But a cortisone shot can only mask an injury for so long, and Moss understands offseason surgery isn’t even up for debate at this point. It’s simply a matter of deciding what kind is best, be it microfracture surgery, which would sideline him through the majority of Spring Training, or a more minor clean-up procedure.
“Best-case scenario would be to go in there and just clean out what’s in there,” he said. “Obviously there are things floating around in there.
“Something has to be done. Can’t just leave it alone. Leaving it alone isn’t going to do it any good.”
Moss has gradually lost mobility and strength in the hip, but he does not want to use that as an excuse for his second-half struggles at the plate. He entered the day batting .179 with four home runs and 15 RBIs in 54 games since the All-Star break, after batting .268 with 21 homers and 66 RBIs in the 89 games before it.
“When you have something going on, your body finds a way to compensate for it, so mechanical things change and such, but as far as how I felt at the plate, I didn’t feel any different,” he said. “There may have been some differences, but I didn’t feel that way. I felt like I was swinging at bad pitches. That’s all there was to it.
Moss later added what manager Bob Melvin echoed: “I have a hard time pinning all of my struggles on that. It progressively got worse through the season, but I was playing with it early in the season, too. It hurt, it bothered me, but until recently, I didn’t think it was nearly as bad as it was.”
KANSAS CITY — The A’s will push through the rest of August without shortstop Jed Lowrie, who is expected to go on the disabled list Thursday with a hairline fracture in his right index finger.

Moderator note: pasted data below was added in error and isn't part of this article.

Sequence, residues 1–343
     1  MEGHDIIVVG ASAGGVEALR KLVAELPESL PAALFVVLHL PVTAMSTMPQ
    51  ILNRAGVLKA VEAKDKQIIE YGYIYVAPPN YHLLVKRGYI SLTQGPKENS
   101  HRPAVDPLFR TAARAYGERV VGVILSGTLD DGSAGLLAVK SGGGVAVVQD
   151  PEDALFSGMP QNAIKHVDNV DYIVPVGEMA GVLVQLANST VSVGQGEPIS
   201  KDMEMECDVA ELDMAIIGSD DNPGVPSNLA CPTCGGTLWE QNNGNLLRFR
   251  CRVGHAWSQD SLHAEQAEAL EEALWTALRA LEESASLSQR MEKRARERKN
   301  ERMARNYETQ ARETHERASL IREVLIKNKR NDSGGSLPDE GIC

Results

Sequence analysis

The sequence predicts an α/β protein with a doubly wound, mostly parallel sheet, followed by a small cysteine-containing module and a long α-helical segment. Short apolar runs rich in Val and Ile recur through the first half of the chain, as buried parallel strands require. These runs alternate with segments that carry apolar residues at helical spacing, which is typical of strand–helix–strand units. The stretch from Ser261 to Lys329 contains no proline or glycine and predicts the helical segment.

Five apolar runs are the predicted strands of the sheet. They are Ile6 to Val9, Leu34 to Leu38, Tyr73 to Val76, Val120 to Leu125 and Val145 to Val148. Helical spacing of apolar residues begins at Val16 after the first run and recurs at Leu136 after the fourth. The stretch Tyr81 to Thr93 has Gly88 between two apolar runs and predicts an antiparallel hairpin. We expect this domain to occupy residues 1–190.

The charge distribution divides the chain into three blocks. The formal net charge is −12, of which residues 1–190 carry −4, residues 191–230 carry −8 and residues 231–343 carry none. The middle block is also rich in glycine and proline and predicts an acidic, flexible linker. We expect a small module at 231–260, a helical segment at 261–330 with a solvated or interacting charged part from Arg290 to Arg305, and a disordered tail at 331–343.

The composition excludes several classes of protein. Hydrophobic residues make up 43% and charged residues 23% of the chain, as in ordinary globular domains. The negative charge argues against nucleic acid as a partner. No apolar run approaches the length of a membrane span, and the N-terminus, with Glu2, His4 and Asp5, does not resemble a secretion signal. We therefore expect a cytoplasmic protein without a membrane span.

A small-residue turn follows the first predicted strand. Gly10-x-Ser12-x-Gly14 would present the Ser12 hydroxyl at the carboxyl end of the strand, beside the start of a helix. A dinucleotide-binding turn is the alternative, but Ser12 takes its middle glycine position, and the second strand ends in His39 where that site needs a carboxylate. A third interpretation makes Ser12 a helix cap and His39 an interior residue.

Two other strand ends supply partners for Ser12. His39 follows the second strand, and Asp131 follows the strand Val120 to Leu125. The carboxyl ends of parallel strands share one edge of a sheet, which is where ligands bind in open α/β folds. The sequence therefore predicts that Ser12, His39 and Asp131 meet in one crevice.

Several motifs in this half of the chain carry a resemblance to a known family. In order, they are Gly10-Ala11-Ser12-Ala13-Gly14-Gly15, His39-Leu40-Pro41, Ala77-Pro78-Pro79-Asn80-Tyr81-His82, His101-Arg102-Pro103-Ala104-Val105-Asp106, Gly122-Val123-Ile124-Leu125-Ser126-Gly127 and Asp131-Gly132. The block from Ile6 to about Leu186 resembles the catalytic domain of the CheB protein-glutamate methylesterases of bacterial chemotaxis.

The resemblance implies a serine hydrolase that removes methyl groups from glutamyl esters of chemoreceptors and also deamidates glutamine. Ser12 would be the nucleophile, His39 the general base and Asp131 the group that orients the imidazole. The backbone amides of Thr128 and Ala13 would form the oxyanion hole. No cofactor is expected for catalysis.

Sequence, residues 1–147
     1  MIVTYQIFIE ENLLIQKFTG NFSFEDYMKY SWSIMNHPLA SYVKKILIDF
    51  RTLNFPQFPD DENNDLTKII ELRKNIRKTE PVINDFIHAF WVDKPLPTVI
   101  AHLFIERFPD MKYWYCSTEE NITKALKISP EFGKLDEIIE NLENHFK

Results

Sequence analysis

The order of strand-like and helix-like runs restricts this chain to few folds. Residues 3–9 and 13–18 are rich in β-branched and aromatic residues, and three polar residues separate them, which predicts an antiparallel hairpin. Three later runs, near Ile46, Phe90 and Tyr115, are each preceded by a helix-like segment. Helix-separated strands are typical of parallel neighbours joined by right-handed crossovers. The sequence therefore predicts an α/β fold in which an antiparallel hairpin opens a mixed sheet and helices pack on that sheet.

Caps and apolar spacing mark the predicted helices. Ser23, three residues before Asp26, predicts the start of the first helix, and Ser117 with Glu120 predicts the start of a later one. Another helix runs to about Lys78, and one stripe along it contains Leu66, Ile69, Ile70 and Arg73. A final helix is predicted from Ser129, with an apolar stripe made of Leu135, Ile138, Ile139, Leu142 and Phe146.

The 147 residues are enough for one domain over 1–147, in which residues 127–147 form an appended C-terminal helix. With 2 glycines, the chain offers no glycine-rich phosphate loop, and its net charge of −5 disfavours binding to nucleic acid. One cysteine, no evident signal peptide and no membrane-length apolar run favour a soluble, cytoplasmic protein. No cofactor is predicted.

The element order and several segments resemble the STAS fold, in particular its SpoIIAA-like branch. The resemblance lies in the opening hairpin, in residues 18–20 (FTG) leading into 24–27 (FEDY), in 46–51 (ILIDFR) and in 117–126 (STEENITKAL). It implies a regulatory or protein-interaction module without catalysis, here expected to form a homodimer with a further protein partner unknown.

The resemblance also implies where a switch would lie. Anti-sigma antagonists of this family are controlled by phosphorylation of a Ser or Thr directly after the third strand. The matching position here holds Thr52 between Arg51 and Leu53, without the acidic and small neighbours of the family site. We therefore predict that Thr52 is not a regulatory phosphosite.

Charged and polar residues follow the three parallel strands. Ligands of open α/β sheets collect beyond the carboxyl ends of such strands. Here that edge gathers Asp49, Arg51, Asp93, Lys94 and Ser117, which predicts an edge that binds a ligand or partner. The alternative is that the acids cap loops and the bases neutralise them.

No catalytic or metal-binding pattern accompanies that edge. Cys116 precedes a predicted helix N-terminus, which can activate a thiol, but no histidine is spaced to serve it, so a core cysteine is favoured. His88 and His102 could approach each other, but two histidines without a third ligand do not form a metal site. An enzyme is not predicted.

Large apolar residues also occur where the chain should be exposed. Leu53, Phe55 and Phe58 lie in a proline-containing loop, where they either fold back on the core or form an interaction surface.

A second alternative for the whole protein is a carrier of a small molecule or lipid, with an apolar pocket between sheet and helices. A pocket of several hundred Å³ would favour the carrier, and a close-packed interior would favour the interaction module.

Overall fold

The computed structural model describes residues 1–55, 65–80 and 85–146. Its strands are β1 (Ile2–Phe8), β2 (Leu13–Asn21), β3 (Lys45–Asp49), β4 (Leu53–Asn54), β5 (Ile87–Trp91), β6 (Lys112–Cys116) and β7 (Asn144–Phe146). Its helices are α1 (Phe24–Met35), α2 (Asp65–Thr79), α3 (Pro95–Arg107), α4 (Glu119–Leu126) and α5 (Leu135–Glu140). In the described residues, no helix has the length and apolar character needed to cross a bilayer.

Lowrie has been playing through the injury for 10 days, but it was adversely affecting his performance to the point where he realized he couldn’t keep doing it through the rest of the season. Just Wednesday, he lobbed a throw over to first base on an Omar Infante grounder that resulted in an infield hit.
“He’s a fast runner, but I think that’s a play that I make 10 times out of 10,” Lowrie said Thursday morning. “There was no way that I could continue to put the same velocity on throws because the finger just wouldn’t allow it.
“I think the realization last night was it’s not going to get any better unless I take time off.”
Manager Bob Melvin agrees, but that still leaves him with a thin middle infield that’s already missing Nick Punto, who is expected to be out at least another week or two with a right hamstring strain.
The A’s are expected to call on Andy Parrino from Triple-A Sacramento when Lowrie officially hits the DL. Parrino can not only supplement Eric Sogard at shortstop but also play the outfield. Alberto Callaspo will continue to see the most time at second base.
Melvin hopes to have Lowrie back on board in September. That’s at least a month — likely longer, given the first-place A’s postseason chances — of a healthy, proven shortstop versus six weeks of one that could prove to be a liability.